Sorry I've been scarce; I've started on three new medications for various problems within the last two weeks, and they've pretty much kicked my butt through a wall. If I don't feel better by Christmas I'm having my body amputated.
SLIGHTLY OFF THE MARK
I’ve been fighting the mother of all sinus infections this week … which is not a comment about my mother, mind you.
Why are really big things called “The Mother Of”, anyway? Seems a bit insulting to mothers. You know what? I’ve been fighting the cousin of all sinus infections. Think that cousin from National Lampoon’s Christmas Vacation, who shows up with his brood, parks his RV on your lawn, and can’t be kicked off the property without a nuclear exchange.
I haven’t talked about it much because I get sick all winter, every winter, and I can only get at best three columns out of that before I get boring even by my standards. Illnesses around the holidays are a tradition in my household, like fruitcake, and just as welcome. The only real difference this year is that I’ve been battling some extra-intense back pain at the same time; but if I had a dime for every time my back hurt I could pay for a spine transplant.
If John F. Kennedy could have chronic back pain, be President, and still romance Marilyn Monroe, I guess I’m okay as long as I stay out of the Bay of Pigs.
About a month ago I went to my family doctor, who approved my sinus infection (Thanks, Doc!). I took the antibiotics, but apparently have those super-germs that eat medicine for lunch and still have enough energy to sledgehammer the inside of my skull. In short, it didn’t go away. Being a guy, I did nothing; most men are convinced that almost any problem will go away if you ignore it long enough, which explains a lot when you consider the ratio of males to females in Congress.
Then, the first day of the Thanksgiving break (in other words, all the Doctors were golfing in Florida), my ear started bleeding.
The typical guy excuses followed: It must have been a pimple; I cut myself shaving; it’s from an old childhood injury when we used to act out Three Stooges routines.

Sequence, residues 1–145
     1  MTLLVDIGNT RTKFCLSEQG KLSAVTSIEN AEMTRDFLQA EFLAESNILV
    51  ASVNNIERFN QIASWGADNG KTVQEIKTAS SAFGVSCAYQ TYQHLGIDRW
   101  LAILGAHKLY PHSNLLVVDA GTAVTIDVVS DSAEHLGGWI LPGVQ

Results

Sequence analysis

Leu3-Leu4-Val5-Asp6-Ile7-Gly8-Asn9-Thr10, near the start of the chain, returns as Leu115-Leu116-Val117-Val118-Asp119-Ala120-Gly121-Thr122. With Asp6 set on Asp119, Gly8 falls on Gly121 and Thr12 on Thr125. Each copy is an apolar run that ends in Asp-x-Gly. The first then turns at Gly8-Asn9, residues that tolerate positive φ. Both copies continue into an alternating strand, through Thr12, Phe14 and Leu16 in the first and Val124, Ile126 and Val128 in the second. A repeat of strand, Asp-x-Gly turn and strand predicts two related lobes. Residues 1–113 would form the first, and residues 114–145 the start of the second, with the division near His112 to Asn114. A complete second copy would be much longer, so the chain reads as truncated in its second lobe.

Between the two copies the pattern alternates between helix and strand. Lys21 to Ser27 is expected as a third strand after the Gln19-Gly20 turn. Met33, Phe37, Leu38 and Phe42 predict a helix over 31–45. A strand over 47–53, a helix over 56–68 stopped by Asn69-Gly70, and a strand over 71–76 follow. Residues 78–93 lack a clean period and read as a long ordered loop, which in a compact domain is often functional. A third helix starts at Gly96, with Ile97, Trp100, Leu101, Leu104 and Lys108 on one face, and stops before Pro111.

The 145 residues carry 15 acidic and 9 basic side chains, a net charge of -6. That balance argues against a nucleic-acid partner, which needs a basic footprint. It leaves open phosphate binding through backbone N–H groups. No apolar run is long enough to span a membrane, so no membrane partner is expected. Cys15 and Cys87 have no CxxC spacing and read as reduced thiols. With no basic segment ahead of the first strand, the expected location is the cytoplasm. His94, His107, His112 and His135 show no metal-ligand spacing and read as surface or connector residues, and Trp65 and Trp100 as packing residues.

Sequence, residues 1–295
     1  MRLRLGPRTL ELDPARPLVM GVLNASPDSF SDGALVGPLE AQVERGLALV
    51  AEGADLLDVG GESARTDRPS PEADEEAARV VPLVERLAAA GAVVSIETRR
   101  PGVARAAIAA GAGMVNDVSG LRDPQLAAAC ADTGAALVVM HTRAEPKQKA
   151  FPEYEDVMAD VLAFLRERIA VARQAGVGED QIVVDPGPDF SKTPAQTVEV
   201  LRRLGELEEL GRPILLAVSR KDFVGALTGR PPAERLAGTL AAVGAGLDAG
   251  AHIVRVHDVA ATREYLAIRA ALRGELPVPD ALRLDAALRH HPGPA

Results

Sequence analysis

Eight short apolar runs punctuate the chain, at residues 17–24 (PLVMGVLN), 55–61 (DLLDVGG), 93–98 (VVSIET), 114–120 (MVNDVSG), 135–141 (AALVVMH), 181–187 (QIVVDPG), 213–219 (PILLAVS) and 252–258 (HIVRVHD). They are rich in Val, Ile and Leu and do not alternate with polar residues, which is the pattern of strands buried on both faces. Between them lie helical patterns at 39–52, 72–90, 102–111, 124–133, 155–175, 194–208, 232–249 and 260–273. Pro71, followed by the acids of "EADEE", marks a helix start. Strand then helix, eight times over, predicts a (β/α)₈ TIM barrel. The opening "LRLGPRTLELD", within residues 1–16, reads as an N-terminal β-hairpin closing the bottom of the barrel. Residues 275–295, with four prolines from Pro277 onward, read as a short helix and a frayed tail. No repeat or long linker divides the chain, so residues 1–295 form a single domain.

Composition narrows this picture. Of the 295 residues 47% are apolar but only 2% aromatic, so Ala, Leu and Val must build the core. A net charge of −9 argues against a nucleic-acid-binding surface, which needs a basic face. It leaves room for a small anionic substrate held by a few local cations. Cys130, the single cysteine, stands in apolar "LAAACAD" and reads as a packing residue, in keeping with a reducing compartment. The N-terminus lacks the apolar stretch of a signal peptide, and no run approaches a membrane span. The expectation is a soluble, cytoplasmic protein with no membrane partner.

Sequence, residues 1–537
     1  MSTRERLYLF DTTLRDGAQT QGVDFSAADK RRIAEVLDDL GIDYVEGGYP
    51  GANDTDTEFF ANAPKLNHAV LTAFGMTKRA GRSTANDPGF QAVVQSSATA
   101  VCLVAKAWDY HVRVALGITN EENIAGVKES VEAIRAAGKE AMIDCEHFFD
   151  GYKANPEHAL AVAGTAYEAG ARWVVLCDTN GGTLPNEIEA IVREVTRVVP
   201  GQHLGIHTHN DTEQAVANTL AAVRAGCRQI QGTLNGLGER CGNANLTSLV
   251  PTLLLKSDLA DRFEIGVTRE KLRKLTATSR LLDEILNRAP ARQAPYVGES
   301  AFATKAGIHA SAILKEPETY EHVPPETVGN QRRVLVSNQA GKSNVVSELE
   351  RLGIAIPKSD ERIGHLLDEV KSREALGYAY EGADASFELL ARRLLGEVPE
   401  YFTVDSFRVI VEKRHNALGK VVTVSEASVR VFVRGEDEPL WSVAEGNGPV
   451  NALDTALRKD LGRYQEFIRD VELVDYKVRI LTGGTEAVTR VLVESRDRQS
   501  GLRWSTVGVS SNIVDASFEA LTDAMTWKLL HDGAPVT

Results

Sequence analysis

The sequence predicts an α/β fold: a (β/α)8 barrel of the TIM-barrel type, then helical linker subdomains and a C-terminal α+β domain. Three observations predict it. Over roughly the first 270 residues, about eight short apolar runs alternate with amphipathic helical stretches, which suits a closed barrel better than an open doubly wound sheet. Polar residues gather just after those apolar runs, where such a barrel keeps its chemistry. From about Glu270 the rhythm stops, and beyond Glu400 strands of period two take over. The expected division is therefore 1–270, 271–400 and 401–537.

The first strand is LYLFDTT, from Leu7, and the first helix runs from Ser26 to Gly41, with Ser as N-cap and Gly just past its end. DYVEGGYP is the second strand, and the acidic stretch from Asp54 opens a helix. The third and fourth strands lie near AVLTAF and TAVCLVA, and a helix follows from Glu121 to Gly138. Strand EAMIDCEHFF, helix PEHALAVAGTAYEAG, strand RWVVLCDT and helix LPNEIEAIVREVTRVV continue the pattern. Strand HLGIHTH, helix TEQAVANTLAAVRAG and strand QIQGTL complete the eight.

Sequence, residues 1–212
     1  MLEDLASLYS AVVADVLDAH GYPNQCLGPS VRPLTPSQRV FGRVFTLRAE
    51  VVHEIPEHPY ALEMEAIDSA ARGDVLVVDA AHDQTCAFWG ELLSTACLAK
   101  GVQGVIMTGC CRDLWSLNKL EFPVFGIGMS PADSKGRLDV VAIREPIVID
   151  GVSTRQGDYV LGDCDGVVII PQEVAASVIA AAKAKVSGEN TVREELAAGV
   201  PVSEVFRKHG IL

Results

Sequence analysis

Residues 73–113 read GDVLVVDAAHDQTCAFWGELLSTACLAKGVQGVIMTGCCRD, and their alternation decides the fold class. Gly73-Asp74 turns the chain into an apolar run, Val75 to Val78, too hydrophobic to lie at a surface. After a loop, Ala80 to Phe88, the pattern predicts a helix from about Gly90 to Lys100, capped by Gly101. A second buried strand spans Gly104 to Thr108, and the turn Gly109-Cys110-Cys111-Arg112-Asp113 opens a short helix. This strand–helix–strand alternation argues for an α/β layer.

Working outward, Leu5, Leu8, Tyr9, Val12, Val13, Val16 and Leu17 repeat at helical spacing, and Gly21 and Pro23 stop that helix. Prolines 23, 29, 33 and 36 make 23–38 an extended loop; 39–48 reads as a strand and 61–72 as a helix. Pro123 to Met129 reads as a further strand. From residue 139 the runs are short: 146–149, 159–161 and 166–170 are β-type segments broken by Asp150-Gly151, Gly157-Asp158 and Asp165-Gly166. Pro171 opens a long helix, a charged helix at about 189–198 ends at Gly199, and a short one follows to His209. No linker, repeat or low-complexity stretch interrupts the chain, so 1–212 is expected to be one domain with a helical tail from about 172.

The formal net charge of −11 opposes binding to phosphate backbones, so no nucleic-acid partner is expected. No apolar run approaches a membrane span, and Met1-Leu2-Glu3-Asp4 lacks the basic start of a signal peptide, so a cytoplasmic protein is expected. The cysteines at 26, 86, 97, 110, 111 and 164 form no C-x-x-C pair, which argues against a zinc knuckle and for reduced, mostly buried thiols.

In the end I went to a clinic that’s sponsored by my workplace; not because I don’t like my regular doctor, but because there’s this whole work thing where they encourage us to go to the clinic because it saves money, somehow. I know it saves me money; how it saves them money, I don’t know.
Anyway, I had the good fortune of being examined by the oldest Doctor I’ve ever met in my life. How old? He told me about how his grandfather graduated from medical school just after the turn of the century … the turn of the last century.
He poked and prodded. A lot. This made me feel good, because I like my medical people to be thorough, although it also made me feel bad because of the intense pain. The sinuses above my eyes were so swollen it looked like I was in makeup to play a Klingon in the next Star Trek movie. I knew this because my fiancée greeted me that morning with, “Captain, Klingons off the starboard bow!” Ha. Ha.
The real surprise was when the doc poked a spot below my eyes, prompting me to scream a traditional Cherokee phrase that roughly translates to: “Ouch!”
My sinuses, the doctor proceeded to explain, were like the Japanese army on Iwo Jima during World War 2; we could bomb them all day with over the counter meds, but eventually we’d have to send Marine antibiotics in to dig them out.
That seemed a bit too politically incorrect, as would asking him if he was actually at Iwo Jima. He substituted that with another example: “We’re going to have to use antibiotics that are like General Grant during the Civil War: He said, ‘We’ll hold the line all summer if we have to’.”
Which I hope doesn’t mean taking antibiotics all winter. Still, if I’m to understand that my sinus infection is General Robert E. Lee, maybe I’d better start drinking the whiskey Grant used. It might not heal me any faster, but after awhile I won’t care.
This doc obviously has a grasp not only on medicine, but on history. He gave me antibiotics so powerful that they’ve been banned as part of the U.N. nuclear test agreement. These antibiotics, he told me, were the Chuck Norris of medicine; in fact, they’re the only ones that work on Chuck Norris. They’re not called controlled substances, because they can’t be controlled; they’re the drugs Albert Einstein warned President Roosevelt never to use. They’re so powerful that if you take two pills from the bottle at the same time, they might collapse reality into a bizarro world where politicians make sense and reality TV is real.
I confess to being concerned.
Still, later I learned of a new method to clean the sinuses that basically involves sticking a fire hose up your nose and giving yourself a sinus-enema.
After that, drugs didn’t seem so bad.